“THE FAMILY” Etching and aquatint, edition 175, by Romare Bearden, 1975.
A gem of a show, two shows really, has quietly appeared at the Bowdoin College Museum of Art. A traveling exhibit of the graphic works of the late Romare Bearden has been augmented by the museum with a number of his collages.
I had occasionally encountered Bearden's work in my early days in New York but wasn't able at that time in my life to really see it, engrossed as I was in pure abstraction. But that was long ago, and, as has been said elsewhere, I was older then and younger than that now; for me this show was a quiet revelation. His work is stunning, visually coherent, and intellectually rigorous. He was able use modernist methods to express his engagement with the African-American social condition with clarity and strength.
Romare Bearden was a complex person with an interesting history. Born in North Carolina in 1911, he studied science and education at New York University, art with George Grosz at the Art Students League, and philosophy at the Sorbonne. His education was interrupted to play professional baseball in the Negro Leagues, and he refused an offer to play in the majors on the condition that he "pass for white." He was a soldier in World War II, worked as a social worker in New York City, wrote jazz songs that were recorded, designed theater sets, illustrated books, and wrote books and articles. He died in 1988.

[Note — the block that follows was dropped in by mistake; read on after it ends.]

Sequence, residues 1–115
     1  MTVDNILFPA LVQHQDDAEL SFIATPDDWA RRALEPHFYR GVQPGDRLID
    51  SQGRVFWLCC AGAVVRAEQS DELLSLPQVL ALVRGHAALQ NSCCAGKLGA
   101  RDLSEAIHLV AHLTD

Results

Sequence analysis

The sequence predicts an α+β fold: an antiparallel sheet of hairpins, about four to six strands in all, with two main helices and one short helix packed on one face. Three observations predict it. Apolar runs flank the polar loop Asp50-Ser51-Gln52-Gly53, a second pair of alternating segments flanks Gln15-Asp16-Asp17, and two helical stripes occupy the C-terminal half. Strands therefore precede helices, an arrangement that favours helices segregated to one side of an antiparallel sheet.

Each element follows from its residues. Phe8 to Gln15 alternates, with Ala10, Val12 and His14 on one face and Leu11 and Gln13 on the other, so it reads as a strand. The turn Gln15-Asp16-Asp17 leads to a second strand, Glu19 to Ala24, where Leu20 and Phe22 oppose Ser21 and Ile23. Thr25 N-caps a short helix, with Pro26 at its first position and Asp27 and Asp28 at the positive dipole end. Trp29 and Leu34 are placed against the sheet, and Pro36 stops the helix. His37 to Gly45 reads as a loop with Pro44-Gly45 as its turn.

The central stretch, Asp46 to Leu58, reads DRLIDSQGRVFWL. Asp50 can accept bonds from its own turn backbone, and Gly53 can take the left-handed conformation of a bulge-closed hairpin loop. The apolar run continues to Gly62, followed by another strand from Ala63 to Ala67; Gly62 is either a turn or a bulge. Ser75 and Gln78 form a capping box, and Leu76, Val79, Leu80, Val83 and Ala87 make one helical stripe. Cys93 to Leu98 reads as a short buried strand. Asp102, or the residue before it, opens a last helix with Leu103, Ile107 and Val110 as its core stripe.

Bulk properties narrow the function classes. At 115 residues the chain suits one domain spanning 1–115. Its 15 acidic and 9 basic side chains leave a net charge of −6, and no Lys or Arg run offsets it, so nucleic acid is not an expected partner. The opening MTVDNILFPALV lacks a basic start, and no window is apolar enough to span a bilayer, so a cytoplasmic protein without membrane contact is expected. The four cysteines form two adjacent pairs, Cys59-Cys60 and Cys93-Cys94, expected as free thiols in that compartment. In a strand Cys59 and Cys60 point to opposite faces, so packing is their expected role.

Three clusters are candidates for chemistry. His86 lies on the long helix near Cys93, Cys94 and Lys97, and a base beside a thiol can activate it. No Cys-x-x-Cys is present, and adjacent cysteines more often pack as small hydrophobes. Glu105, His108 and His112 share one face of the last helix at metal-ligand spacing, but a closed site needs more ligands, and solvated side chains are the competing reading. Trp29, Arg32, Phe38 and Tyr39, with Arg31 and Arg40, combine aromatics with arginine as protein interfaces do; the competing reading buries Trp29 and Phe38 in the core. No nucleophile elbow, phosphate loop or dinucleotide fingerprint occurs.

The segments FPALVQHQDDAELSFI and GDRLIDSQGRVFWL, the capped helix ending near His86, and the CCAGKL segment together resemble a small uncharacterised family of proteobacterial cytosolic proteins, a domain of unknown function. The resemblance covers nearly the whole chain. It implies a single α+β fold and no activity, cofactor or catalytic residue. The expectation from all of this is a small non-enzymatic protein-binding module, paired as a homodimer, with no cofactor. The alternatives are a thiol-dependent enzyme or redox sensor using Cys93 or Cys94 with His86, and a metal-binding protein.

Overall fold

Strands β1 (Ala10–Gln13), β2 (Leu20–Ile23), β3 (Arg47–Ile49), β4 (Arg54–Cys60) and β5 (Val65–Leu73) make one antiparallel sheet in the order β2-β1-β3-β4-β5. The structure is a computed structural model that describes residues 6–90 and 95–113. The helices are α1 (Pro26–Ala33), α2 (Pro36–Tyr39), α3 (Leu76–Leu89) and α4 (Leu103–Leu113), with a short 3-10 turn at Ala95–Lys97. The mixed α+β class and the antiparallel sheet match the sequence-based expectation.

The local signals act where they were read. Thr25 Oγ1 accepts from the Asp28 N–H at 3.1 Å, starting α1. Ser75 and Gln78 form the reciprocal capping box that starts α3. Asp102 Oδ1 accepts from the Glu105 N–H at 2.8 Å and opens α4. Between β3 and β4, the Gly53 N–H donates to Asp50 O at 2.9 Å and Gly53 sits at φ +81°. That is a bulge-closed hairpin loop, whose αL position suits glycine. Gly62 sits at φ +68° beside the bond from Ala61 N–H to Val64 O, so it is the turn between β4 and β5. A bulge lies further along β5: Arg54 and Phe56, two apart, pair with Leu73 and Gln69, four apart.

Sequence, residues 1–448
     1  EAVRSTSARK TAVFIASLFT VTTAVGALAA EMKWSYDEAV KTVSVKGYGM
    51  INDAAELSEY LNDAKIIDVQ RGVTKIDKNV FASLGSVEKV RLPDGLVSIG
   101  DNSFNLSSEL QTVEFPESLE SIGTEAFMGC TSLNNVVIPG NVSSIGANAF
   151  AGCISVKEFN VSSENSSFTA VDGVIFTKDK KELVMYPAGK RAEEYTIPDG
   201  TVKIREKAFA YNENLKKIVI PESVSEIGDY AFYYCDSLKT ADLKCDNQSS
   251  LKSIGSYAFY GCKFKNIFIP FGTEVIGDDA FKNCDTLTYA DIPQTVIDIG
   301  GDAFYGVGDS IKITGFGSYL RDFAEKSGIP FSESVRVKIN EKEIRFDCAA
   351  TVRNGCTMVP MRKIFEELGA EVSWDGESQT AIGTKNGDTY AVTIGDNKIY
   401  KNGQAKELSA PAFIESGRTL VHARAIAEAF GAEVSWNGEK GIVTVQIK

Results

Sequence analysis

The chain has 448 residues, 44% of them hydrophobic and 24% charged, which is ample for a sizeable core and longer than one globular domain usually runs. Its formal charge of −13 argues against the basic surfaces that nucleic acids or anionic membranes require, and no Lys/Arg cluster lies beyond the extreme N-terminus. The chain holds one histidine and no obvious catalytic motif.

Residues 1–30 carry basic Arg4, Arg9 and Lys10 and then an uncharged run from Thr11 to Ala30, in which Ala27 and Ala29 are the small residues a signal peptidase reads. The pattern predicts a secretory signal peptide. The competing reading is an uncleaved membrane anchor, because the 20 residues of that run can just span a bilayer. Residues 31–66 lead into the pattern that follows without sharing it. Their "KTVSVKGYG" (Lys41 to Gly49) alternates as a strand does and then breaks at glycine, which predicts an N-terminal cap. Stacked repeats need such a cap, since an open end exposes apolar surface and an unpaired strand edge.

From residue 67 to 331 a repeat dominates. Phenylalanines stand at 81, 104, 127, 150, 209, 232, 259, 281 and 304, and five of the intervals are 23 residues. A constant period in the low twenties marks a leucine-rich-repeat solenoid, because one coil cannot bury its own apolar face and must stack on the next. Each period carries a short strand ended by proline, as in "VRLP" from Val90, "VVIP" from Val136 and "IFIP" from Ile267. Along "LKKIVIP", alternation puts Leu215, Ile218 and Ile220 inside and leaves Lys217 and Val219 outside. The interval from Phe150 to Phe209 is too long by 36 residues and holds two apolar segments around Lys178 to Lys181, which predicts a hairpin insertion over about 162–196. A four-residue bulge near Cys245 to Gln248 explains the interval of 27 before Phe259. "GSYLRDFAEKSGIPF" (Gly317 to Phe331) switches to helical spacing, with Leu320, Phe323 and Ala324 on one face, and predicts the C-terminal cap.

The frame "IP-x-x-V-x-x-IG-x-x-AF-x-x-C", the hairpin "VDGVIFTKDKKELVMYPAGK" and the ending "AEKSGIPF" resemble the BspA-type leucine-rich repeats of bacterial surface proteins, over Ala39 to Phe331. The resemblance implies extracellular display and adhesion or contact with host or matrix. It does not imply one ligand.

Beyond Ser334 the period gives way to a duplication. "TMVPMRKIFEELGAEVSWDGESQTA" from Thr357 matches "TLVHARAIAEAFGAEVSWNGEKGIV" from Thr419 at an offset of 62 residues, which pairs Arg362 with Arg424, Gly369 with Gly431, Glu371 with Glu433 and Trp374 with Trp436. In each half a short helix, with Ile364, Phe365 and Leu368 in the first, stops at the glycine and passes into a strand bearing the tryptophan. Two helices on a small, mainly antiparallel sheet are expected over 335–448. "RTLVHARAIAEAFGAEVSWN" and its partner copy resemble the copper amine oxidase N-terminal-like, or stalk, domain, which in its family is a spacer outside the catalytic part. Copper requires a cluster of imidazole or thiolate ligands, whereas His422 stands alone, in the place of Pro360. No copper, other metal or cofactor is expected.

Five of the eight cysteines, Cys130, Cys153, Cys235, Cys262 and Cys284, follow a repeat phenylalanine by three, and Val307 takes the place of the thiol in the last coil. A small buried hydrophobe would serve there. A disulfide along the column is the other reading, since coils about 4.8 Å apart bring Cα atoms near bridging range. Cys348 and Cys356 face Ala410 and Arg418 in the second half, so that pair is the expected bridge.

He worked mostly in collage after about 1950, and the graphics work in this show is a direct extension of collage. He created images and collected photos, then mixed and matched them in ways that were both disciplined and intuitive. He sought, and achieved, a visual poetry that is akin to song. There is definite content that is embedded in, and buoyed along by, the richness of his visual decisions.
Bearden was close to jazz, and these works are jazz-like in the way the improvisation is based on a complex internal structure. There are no real rules that dictate why he puts things where they are or gives them the color they have, but there are distinct and important reasons.
In the collage "Pittsburgh Memory" the faces of two men are made from cubist-like shards of photographs to build composites from pieces of other faces. The eyes and other features are more or less where they appear in life but seem to be almost breaking apart -- you see them as faces but need to mentally reassemble them. Behind them bits of stairs and parts of buildings place theme in a gritty urban context. The overall feeling is an admixture of strength and confusion, resignation and acceptance.
The etching and aquatint "The Train" has five faces in the middle over an irregularly patterned, nearly abstract background that contains, among many other things, a small side view of a locomotive. It's a complex work that calls to mind, as also suggested by the title, the great Billy Strayhorn song "Take the 'A' Train." Like the song, the work has an intricate underlying structure that supports a much simpler and direct theme presented by the faces. Also like the song, there's a tinge of melancholy that lies under the existential directness of people's gaze, blended with a sense of expectation and even a little joy.